Let’s face it: moving isn’t the most “eco-friendly” job.
You want to protect your stuff from breaking, ripping, or getting stained, but you hate the thought of throwing out all the boxes, styrofoam peanuts, and bubble wrap that such a safe move requires.
What you need are some green moving tips that will keep your stuff safe without harming the earth.
Why Should I Move “Greener”?
When faced with an upcoming move, most people want to get the job done as quickly and easily as possible. This usually means buying a lot of boxes (U-Haul estimates that an average 3-4 bedroom house will need more than 100 of them), packing peanuts, and bubble wrap…then throwing them away at the end of your move.
Some of this trash ends up in the ocean, where marine life mistakes it for food or gets tangled in it. Some of it ends up in landfills, where it releases harmful toxins into the soil and, eventually, the ground water. Some of it is recycled, but this can only occur a certain number of times before the item is eventually thrown away.
Implementing some green moving tips into your next relocation can help break this harmful cycle.
It’s a simple idea, but a powerful one: the less you consume, the less waste there is. So begin your move by getting rid of things you no longer need and selling, donating, or recycling them. Having fewer boxes in the truck means less fuel consumed and finding appropriate homes for your unwanted items keeps them out of the landfill.
Next, hire a moving company! Using a bigger truck means fewer cars/trips getting things into the new place. If you’re concerned about your movers’ practices, ask if they would be willing to implement certain eco-friendly packing measures, like wrapping furniture with reusable blankets rather than disposable plastic wrap.
And while we’re on the subject, don’t use harmful packing materials—things like bubble wrap and packing peanuts—if you don’t have to. There are better ways; for instance…
Repurpose soft items you already have (towels, clothes, etc.) as packing material. (It’s like packing two boxes in one!) And rather than buying disposable cardboard boxes, use what you already have. Laundry baskets, suitcases, and other containers can do double-duty as moving boxes. Just be careful when packing and/or stacking them and talk to your movers about how best to arrange them on the truck. They may prefer that certain receptacles stay in your personal vehicle.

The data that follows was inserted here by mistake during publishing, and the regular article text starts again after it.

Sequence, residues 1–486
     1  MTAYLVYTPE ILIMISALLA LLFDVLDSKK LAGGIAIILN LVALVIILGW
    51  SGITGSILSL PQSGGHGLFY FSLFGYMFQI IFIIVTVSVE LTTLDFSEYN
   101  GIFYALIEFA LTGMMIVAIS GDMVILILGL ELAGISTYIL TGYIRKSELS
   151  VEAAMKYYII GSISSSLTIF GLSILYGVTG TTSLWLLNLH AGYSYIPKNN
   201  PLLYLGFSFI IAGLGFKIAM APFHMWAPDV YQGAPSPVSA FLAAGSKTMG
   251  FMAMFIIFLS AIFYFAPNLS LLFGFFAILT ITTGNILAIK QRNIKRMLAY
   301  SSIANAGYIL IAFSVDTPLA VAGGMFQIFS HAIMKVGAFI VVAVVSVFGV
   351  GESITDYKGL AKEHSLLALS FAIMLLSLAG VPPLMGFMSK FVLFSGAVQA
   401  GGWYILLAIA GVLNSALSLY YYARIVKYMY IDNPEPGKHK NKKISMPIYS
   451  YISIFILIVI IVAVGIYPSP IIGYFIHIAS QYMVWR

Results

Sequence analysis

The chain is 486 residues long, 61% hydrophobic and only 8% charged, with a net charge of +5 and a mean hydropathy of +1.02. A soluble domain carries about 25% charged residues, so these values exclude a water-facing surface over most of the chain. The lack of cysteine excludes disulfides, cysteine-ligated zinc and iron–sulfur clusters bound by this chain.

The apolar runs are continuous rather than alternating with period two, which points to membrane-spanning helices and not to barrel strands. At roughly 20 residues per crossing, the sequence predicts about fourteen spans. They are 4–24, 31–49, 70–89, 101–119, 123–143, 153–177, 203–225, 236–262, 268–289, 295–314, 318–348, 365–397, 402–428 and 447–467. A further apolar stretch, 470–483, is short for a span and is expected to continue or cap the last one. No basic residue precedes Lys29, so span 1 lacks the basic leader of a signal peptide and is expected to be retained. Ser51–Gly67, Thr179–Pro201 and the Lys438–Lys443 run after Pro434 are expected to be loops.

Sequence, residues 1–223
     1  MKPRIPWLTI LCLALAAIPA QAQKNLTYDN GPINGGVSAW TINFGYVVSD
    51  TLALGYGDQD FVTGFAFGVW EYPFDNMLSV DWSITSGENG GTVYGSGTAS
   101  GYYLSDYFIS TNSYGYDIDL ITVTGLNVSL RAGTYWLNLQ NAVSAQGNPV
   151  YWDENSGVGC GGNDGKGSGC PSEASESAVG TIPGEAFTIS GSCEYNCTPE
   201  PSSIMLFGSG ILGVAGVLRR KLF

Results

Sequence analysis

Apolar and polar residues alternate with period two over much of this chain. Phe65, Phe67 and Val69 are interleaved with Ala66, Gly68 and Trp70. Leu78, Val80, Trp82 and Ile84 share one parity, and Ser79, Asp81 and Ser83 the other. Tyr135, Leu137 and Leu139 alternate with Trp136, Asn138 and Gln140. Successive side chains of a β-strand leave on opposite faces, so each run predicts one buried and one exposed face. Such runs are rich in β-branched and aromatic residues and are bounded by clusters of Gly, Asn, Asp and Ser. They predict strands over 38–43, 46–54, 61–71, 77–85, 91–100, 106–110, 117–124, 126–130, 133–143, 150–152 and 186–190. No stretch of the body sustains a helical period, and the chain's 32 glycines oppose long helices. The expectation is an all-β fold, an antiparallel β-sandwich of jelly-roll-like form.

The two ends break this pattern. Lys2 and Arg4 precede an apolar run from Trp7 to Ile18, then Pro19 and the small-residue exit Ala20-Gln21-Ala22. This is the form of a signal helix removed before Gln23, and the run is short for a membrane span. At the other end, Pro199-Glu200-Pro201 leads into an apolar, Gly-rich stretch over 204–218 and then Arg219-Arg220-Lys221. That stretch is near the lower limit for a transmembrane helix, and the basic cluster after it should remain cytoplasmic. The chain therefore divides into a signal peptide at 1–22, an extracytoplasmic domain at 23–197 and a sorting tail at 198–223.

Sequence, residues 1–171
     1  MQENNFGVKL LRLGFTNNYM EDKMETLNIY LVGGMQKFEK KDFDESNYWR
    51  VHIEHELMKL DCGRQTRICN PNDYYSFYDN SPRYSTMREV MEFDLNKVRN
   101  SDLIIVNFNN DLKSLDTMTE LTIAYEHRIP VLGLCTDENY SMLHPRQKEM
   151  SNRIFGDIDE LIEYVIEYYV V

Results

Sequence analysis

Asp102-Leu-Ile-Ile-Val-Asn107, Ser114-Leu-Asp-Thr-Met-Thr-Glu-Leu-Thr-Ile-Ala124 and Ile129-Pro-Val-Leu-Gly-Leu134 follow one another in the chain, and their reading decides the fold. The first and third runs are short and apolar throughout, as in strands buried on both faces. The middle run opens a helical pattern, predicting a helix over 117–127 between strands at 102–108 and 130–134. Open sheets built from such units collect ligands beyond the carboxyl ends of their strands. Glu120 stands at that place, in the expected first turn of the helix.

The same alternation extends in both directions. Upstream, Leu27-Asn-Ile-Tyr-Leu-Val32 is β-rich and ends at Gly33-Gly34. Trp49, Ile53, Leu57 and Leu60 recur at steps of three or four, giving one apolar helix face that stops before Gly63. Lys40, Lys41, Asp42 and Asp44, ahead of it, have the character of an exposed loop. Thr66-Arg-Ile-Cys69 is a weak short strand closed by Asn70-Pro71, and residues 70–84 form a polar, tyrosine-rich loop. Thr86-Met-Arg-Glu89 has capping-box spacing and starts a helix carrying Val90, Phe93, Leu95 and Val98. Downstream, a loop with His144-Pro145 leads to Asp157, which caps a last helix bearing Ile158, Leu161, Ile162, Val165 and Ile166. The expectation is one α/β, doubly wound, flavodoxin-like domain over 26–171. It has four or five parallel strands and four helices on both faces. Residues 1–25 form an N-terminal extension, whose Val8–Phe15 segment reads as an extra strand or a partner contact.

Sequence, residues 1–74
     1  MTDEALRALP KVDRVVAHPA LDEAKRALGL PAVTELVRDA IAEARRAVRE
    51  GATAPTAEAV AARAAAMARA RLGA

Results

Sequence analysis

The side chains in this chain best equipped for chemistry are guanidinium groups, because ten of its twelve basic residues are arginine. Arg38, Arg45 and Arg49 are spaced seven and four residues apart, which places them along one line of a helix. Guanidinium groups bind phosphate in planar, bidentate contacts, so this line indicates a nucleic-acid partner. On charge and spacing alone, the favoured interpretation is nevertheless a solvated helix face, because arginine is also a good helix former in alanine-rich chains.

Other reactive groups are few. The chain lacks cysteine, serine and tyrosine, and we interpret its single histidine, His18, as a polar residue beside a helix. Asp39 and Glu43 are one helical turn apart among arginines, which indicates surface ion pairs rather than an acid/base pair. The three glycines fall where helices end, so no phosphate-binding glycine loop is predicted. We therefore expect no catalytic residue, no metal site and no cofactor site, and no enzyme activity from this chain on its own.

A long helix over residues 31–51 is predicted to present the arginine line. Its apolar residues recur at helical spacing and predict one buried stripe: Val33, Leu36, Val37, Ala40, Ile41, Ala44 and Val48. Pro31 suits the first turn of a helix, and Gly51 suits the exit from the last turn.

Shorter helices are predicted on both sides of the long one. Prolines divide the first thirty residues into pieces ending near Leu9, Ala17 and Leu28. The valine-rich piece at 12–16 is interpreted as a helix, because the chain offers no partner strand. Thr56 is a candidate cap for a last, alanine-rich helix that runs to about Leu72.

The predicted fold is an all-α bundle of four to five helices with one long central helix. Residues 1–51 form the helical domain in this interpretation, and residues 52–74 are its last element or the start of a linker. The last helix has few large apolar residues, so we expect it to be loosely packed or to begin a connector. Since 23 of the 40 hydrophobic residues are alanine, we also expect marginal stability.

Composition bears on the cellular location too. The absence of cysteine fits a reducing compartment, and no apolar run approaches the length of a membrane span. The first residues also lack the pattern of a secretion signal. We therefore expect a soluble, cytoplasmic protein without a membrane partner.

One thing that you shouldn’t reuse is newspaper. While blank newsprint has been a popular packing material for years, newspaper ink can rub off onto your favorite lampshades, so stay away from the Sunday Times.
So what happens when you run out of suitcases but don’t want to resort to using cardboard boxes? Answer: reusable bins. Renting durable, reusable bins protect your valuables as well as the environment. Reusable moving bins are often cheaper than using cardboard; plus, the company arranges their delivery and pickup, so you don’t have to run to a single store or even take them to the recycling center.
You’ve reduced your demand for traditional packing materials and reused everything you could; recycle everything else.
If you’re going with cardboard boxes, check Craigslist for gently used moving supplies or ask local retail stores for any boxes they’ve unpacked. You can find sturdy boxes at low (or no) cost that would otherwise be thrown away, just make sure that you check the boxes thoroughly first. If they’ve already made it cross-country in a delivery truck, they may be too weak to withstand another move.
Once you’ve finished with your move, don’t throw everything away! Send newsprint and damaged boxes to be recycled, but gather up everything else (don’t let your kids pop the bubble wrap!) and post it on Craigslist, NextDoor, or another site for the next person to use.
With just a few green moving tips, your move can be eco-friendly, safe, and affordable. Our moving crews would love to help with your upcoming relocation, no matter what city or state you’re moving to. Give us a call for a free quote or visit our instant quote generator.